“The response from trainers, instructors, new owners and exhibitors has been overwhelming,” Webster said. “We are excited about the positive response from across the country.”

Mid South Spring, Decatur, Ala., Lutheran School Show, Cleveland, Tenn., Tampa Summer Classic, Tampa, Fla., and Betsy Webb’s Summer Classic, Louisville, Ky., have already signed on to host this new division. Owners and trainers can contact show managers to let them know they wish to have these classes held in their area.

In addition to adding these classes at local shows, Webster plans on holding the first Alpha Show National Championship Horse Show in conjunction with the National Academy Championship Finals. Both shows are held in Murfreesboro, Tenn., at the Miller Coliseum. The Alpha Championship Show will be on Friday, Nov. 2, 2007, the night before the start of the Academy Championships.

The UPHA Chapter 8, headed by James and Jackie Hale, is also getting on the bandwagon in creating new show venues. Over the past year, Chapter 8 has held fundraisers and asked for sponsorships to collect money to put on a horse show in 2007.

“We want to have something where people can have fun again,” said Jackie Hale. “We want to have a relaxed, comfortable, yet competitive atmosphere. This is not meant for the veteran exhibitors of the show world.”

This new Chapter 8 Horse Show, a three-day event to be held April 5-7, 2007 in Cleveland, Tenn., will include the first alpha show classes of the season as well as a gaited-no canter class for those who love to slow gait and rack but might not be comfortable cantering. The alpha show division will include country pleasure, show pleasure, three-gaited, five-gaited, driving horse and driving pony classes. To add to the flavor, there is no assigned judge. Instead, the show management will select a “judge” from the each of the barns that attends, either a trainer or experienced amateur to evaluate individual classes.

With the future of the Saddlebred breed riding, literally, in the hands of new owners and exhibitors, trainers and instructors are beginning to realize that it is time for thinking outside of the box. As Anne Stafford said in her letter, “No matter how wonderful the horse or how expensive he is, if there is no base to this pyramid it will soon be non-existent.”

(Editor’s note: For the convenience of our readers, Anne Stafford’s letter has been reprinted below as well as new comments regarding the issues she has raised.)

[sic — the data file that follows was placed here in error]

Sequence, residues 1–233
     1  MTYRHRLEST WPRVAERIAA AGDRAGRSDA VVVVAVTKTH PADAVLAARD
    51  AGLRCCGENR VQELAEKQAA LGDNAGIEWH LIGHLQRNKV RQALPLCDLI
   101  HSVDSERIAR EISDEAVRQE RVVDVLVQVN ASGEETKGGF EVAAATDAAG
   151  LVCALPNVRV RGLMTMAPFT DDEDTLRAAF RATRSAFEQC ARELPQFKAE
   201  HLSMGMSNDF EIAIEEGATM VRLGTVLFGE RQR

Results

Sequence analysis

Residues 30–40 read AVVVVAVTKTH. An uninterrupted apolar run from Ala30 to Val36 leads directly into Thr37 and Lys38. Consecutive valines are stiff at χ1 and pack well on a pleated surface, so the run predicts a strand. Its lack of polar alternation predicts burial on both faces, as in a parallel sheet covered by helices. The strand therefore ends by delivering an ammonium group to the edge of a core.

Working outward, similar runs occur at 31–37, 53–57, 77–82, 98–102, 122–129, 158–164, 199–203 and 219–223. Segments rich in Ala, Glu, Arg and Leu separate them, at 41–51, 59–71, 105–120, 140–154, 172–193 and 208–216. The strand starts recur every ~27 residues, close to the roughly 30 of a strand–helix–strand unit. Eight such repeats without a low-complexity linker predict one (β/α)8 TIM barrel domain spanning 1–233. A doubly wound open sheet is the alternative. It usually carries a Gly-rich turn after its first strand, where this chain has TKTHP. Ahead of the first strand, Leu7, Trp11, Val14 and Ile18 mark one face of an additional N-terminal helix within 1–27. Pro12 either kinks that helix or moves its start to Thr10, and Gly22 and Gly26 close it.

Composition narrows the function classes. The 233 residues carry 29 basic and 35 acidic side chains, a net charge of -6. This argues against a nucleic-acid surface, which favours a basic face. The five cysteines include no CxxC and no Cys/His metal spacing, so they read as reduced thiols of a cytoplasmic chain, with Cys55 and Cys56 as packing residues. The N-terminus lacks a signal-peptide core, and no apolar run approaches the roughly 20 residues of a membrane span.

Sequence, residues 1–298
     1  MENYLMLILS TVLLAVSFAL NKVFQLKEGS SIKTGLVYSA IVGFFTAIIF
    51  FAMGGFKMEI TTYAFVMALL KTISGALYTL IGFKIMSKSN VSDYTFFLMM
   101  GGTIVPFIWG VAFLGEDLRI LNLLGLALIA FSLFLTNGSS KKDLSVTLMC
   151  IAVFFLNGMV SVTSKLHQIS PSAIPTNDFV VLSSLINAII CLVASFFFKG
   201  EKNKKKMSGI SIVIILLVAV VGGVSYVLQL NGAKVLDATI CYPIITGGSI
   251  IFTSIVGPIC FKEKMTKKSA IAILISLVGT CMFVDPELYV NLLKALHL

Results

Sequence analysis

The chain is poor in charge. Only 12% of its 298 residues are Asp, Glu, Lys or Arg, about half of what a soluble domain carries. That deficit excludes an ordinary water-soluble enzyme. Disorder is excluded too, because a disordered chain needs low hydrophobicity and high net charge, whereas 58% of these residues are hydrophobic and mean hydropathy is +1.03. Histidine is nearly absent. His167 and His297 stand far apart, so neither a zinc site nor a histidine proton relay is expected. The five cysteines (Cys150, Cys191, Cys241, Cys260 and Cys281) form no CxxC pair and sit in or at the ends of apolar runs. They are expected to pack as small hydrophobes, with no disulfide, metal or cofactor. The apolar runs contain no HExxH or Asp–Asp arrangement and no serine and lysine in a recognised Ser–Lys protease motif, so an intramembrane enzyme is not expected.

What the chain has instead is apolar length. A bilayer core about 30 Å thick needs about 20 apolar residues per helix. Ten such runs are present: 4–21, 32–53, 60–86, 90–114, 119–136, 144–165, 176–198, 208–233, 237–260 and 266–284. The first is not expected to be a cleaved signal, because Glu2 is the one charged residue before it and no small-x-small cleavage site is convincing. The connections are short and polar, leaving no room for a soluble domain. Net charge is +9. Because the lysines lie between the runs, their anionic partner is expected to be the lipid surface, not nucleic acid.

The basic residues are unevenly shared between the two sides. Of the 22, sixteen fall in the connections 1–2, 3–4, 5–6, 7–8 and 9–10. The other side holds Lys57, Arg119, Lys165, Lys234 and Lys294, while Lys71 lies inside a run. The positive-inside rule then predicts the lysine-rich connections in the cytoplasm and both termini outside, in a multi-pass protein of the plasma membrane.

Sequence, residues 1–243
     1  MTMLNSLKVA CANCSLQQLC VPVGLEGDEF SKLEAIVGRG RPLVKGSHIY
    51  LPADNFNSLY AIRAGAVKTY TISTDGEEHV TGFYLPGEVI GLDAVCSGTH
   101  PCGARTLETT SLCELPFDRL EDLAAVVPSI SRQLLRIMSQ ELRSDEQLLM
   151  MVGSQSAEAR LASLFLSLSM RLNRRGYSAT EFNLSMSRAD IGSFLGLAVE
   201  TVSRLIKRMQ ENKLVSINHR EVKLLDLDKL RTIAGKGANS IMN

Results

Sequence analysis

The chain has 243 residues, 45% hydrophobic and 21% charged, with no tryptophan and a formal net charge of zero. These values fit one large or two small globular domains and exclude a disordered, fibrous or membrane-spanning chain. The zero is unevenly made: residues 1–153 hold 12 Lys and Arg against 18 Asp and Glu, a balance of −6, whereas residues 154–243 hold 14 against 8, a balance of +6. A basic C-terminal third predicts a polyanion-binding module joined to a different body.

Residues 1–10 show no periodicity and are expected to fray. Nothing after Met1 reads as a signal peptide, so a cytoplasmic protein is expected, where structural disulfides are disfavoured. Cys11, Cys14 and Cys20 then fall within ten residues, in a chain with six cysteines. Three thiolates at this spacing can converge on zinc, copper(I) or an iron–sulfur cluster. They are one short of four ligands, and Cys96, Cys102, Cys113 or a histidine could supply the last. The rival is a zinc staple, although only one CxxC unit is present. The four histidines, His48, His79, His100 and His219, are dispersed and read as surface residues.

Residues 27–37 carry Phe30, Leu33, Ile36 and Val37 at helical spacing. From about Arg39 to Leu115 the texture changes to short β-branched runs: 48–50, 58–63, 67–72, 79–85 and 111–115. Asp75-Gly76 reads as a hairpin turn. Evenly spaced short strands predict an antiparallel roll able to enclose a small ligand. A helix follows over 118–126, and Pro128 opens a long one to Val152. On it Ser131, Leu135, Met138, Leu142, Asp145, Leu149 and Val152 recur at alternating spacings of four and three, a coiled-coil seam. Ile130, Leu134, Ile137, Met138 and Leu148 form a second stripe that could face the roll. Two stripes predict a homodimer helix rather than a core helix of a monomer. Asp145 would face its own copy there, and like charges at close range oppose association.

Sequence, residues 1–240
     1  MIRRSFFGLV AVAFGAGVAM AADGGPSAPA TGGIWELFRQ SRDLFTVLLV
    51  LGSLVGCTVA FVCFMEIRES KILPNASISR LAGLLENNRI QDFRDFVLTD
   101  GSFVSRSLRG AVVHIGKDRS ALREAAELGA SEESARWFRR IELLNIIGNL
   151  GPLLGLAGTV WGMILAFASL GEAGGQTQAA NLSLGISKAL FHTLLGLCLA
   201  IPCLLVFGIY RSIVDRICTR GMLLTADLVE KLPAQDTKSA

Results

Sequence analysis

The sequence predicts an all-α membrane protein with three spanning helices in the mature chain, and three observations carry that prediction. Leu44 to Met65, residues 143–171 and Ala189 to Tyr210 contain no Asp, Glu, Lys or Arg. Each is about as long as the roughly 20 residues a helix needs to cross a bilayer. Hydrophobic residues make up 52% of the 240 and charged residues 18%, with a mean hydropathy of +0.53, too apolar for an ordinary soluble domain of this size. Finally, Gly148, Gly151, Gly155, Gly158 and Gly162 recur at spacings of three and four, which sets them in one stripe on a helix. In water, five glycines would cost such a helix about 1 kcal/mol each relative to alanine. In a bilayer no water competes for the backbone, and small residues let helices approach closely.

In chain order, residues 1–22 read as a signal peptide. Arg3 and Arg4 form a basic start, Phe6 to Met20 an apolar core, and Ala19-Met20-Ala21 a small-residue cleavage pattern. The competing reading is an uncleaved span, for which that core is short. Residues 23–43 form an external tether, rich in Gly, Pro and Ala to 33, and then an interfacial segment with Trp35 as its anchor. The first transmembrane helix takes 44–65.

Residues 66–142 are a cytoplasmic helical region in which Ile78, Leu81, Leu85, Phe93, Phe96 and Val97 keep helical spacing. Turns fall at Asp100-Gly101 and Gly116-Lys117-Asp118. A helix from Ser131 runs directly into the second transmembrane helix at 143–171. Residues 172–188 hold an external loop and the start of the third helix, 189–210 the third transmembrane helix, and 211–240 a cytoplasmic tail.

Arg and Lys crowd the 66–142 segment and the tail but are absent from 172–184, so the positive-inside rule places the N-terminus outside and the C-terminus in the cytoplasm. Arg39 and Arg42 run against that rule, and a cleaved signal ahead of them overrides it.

To All American Saddlebred Horse Enthusiasts:

I am writing this letter to anyone who has an interest in the American Saddlebred horse. I believe we need to address a problem that as a breeder I feel is long overdue. We are raising a wonderful animal, yet we are continuing to promote two misconceptions: one is that they are only for the wealthy, the other is that they are crazy and hard to ride.

We can start to change these two misconceptions with some serious thought to what makes other breeds fly where we have failed. It is not the horse but the promotion. Perhaps we are asking some horses to do something they are incapable of doing thus they become labeled as unruly, hard to ride or just no count.

We enjoy saying our horses are the aristocrats of the horse world, but soon it will make no difference if no one is breeding, riding or wanting to show them.

No one has any trouble selling a superstar but superstars are in the eyes of the beholder. We want to raise great horses but we must be able to sell ALL that we raise profitably. We no longer have a market for the medium-priced horse because we have no place to show them. We have absolutely NO entry level classes for the riders who are getting into the horse business after the age of 10.

When the pleasure division was developed it created a place for a nice horse that was not a stake horse. The country pleasure division added to that and now the academy division has made a place for some of these horses. All of theses divisions have flourished to the point that the pleasure division is so competitive it has lost its purpose for the beginning rider.

I think it is time for us to realize people do not continue to breed and raise American Saddlebred horses because they cannot market them. As professional horsemen, riding instructors, breeders and owners, I would like to see all of us encourage a new division or two. One division I suggest is novice rider classes in any division. This will give the entry-level rider an opportunity to compete and win. Another division I suggest is non-canter classes. The third division is a gaited division. I truly believe that this would in time be as big as our pleasure division. It should be a performance class for the American Saddlebred horse shown only at the slow gait and rack.